The Art Of Tapering Like A Pro

Photo: John Segesta

Weekly Mileage

Regardless of their duration, a taper requires backing off your weekly mileage in order to rest the legs for race day. Mammoth Track Club coach Terrence Mahon, who guides elite marathoners Kastor, Josh Cox amongst others, has his top runners running 120-130 miles per week during their peak training periods. Surprisingly, however, he doesn’t cut down their overall volume too much during their taper, reducing it down for most to a relatively still high 90 miles in the final week before a key race. “We have found in the past that dropping mileage too much leads to a de-training effect,” Mahon says. “We don’t lower things universally in our tapers.” Mahon believes marathoners need to keep doing long runs throughout their tapering phase. “The farther you get away from big [mileage] numbers, the more confidence you lose,” he says. Mahon maintains that the best way to keep his runners close to the “big numbers” is to give them a longer single session, approximately 17 miles, during their taper period, and then follow up the next day with a short 6 easy miles. “It keeps their head close to the race distance,” he says.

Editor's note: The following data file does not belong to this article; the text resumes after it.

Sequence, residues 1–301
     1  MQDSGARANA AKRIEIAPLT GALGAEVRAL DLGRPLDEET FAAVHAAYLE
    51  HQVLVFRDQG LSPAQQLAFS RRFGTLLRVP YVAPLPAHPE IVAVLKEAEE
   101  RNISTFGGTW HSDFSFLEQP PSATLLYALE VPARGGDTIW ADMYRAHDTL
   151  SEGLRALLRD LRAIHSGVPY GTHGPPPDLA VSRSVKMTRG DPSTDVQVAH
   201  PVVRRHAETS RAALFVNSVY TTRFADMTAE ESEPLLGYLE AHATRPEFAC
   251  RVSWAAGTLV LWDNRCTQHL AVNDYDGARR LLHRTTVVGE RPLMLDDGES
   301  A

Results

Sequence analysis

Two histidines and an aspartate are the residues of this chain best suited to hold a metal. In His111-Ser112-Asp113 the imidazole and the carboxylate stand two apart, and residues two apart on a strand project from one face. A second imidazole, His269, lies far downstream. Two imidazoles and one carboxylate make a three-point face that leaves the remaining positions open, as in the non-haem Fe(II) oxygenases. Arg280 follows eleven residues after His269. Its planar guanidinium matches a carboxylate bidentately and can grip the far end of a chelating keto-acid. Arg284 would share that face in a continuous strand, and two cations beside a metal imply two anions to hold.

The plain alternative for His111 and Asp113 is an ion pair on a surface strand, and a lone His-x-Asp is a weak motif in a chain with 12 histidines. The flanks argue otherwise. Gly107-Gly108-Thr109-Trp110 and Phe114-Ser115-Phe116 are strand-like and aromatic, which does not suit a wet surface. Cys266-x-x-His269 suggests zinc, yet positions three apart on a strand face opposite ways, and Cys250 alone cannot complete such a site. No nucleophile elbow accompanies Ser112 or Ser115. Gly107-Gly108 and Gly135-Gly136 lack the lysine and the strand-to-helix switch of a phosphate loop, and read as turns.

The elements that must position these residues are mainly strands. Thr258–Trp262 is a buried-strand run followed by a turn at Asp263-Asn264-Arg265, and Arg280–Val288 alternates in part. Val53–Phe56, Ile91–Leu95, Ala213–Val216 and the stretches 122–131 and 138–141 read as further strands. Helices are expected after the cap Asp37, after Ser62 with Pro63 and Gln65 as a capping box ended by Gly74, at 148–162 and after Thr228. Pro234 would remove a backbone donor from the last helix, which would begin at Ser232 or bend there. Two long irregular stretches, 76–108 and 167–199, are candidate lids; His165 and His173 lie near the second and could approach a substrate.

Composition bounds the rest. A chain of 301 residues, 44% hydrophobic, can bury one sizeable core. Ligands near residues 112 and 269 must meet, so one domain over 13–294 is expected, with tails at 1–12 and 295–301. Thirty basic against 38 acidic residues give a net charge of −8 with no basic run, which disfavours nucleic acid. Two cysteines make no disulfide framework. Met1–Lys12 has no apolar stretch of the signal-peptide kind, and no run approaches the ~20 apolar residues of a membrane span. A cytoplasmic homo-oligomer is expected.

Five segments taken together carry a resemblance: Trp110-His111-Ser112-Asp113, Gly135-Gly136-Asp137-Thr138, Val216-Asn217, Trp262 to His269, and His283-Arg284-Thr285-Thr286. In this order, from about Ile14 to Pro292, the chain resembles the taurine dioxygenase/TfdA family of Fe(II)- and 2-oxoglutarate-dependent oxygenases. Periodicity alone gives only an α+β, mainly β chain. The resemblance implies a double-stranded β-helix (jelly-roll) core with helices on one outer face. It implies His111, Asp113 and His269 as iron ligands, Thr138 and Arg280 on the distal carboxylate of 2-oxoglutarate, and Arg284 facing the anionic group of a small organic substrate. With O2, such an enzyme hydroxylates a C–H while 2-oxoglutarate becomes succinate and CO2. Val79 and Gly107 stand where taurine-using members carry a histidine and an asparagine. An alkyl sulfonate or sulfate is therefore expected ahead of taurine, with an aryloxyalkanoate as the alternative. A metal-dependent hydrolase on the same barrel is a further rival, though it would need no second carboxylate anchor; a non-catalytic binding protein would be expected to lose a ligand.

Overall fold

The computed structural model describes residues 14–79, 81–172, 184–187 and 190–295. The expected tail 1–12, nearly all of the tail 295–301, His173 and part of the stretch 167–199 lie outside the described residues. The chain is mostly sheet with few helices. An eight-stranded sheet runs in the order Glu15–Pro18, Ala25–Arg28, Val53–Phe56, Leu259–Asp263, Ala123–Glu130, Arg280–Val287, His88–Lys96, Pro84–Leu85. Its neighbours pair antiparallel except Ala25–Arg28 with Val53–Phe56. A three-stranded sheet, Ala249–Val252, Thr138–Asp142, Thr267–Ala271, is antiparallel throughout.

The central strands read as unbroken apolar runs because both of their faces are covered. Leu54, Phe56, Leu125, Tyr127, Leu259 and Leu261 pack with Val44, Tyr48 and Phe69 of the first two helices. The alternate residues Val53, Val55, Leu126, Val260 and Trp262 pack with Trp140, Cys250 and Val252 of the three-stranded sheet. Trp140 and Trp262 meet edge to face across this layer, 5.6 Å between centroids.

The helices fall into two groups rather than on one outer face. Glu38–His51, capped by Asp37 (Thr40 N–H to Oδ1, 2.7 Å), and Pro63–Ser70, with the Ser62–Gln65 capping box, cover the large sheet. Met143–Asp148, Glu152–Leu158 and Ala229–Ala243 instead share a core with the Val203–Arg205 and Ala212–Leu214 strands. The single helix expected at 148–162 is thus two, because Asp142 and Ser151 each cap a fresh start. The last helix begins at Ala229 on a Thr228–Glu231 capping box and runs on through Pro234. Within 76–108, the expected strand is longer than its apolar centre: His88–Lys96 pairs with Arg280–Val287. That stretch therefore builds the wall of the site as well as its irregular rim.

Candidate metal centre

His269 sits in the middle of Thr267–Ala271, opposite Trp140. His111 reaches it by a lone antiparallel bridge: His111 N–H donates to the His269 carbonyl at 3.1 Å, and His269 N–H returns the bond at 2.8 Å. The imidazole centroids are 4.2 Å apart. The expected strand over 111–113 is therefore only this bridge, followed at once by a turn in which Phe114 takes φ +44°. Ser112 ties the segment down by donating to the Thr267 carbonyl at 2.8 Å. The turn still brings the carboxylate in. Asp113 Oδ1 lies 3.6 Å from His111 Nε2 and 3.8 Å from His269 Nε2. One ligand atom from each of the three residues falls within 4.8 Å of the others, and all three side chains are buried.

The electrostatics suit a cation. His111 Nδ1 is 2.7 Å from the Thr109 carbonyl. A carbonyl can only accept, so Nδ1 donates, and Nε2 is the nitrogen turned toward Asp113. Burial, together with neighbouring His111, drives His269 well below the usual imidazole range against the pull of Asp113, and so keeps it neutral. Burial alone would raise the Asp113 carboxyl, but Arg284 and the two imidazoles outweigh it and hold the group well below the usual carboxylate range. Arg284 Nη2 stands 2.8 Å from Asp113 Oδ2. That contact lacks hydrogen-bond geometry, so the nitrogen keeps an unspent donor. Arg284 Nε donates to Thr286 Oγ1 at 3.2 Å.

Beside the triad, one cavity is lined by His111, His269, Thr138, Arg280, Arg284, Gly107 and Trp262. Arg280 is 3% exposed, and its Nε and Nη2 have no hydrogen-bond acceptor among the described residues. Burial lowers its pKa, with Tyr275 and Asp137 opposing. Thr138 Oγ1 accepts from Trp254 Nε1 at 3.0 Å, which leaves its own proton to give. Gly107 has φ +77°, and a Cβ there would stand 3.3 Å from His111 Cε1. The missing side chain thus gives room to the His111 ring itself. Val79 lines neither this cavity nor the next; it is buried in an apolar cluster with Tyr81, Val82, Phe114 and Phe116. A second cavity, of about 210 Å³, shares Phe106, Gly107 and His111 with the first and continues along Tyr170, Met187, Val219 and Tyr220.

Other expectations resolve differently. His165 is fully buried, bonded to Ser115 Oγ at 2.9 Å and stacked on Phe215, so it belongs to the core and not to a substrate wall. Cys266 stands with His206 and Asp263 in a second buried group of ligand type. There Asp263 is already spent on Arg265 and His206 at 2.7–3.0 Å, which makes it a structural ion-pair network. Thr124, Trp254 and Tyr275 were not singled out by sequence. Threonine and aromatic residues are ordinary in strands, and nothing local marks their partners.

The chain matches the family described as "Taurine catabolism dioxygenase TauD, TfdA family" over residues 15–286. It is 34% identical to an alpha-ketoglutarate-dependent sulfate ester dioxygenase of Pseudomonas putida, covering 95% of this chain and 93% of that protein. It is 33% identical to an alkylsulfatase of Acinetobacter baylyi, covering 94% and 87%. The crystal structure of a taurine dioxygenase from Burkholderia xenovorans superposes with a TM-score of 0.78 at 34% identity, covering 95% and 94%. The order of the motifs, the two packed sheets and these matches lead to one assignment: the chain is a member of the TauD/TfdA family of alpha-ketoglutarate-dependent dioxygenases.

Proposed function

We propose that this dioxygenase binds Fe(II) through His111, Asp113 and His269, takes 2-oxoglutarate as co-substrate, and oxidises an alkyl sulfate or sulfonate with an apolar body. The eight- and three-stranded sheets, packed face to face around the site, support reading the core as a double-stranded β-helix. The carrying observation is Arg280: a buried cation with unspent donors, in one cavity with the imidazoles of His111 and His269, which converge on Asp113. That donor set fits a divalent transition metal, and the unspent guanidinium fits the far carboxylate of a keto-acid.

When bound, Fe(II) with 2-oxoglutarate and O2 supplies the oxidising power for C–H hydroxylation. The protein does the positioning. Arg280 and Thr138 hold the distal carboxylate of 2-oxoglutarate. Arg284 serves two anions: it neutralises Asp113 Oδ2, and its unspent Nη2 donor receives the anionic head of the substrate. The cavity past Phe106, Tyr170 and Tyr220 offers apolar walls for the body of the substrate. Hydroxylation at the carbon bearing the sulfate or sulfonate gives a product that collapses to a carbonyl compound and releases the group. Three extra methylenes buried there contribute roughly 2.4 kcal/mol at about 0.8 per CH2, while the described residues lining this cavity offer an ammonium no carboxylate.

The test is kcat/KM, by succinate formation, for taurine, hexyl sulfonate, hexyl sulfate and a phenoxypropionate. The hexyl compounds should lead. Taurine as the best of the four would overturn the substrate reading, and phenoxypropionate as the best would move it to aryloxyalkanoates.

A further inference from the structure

Hunt is more systematic with how she handles weekly mileage during the taper phase. In general, Hunt assigns “about a 10% reduction in mileage the third week out, a 15% reduction the second week out and the week of the marathon about a 50%+ reduction.”

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